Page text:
Given a solid bowl (an idealized hemisphere, the opening facing straight up), let a slender rod rest in the bowl supported at two points: a point on the bowl's edge, and some point on the bowl's interior surface.
The bowl's edge exerts a force on the rod which is perpendicular to the rod's length.
The bowl's interior exerts, on the rod's end, a force which is perpendicular to the bowl's surface (at the point where they meet).
If the rod's length is three times the radius of the bowl, what is the angle between the rod, and the plane of the bowl's edge?
I always think problems like this should be easy for me, but they rarely are. I think the key is to do a good force diagram, and then start writing equations for things that should balance:
Forces in the Y direction balance
Forces in the direction of the Rod balance
Torques around the pivot point where the rod meets the edge balance.
FE: Force exerted by edge of bowl on rod
FI: Force exerted by interior of bowl
3r: Length of rod (r is radius of sphere)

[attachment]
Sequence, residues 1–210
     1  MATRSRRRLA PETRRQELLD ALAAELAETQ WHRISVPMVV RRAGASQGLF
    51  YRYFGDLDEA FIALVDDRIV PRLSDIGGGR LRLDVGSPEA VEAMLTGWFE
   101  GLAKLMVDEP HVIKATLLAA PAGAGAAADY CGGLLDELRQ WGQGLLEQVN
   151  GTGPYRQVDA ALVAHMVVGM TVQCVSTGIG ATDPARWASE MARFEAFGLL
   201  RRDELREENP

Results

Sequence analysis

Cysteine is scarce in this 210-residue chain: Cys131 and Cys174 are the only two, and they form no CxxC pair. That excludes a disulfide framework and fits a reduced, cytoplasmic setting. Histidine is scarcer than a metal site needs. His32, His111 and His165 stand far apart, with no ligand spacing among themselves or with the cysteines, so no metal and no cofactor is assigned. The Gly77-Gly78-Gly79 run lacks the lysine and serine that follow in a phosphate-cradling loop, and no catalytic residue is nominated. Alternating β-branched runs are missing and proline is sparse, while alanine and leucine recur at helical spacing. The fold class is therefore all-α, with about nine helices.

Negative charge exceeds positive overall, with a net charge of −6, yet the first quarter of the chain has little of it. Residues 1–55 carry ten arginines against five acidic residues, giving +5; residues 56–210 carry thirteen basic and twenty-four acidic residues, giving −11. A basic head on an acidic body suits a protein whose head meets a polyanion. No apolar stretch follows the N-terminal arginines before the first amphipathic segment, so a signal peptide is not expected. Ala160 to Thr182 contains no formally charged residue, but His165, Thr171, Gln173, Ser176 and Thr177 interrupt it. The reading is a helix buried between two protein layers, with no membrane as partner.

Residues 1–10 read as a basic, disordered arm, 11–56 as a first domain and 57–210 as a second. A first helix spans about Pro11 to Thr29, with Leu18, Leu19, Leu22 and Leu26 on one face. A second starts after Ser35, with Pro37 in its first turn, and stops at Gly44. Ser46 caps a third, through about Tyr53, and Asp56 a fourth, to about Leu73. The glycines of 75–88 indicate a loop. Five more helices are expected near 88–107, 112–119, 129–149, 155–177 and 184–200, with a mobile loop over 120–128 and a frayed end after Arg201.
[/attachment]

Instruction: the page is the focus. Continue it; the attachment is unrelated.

L: length of rod that extends beyond the edge of the bowl
t: short for theta, angle between rod and horizontal
P: point where end of rod meets bowl
E: point where rod meets edge of bowl
m: mass of rod
Note that angle from far edge of bowl to center of sphere to point P is 2*t
Eqn 1: mg = FE cos(t) + FI sin(2t)
balance forces in Y direction
Eqn 2: mg sin(t) = FI cos(t)
balance forces in Rod direction
Eqn 3: mg (L/3r) cos(t) (L/2) + FI sin(t) (3r-L) = mg ((3r-L)/3r) cos(t) (3r-L)/2
balance torques around point E; force * lever arm length
That's what I have so far.
Unknowns: t, L, FI, FE but only 3 equations
There is also equilibrium at point P keeping the rod from sliding up or down the bowl, I think that's where the 4th equation is.
Posted by Larry
on 2004-12-31 17:33:26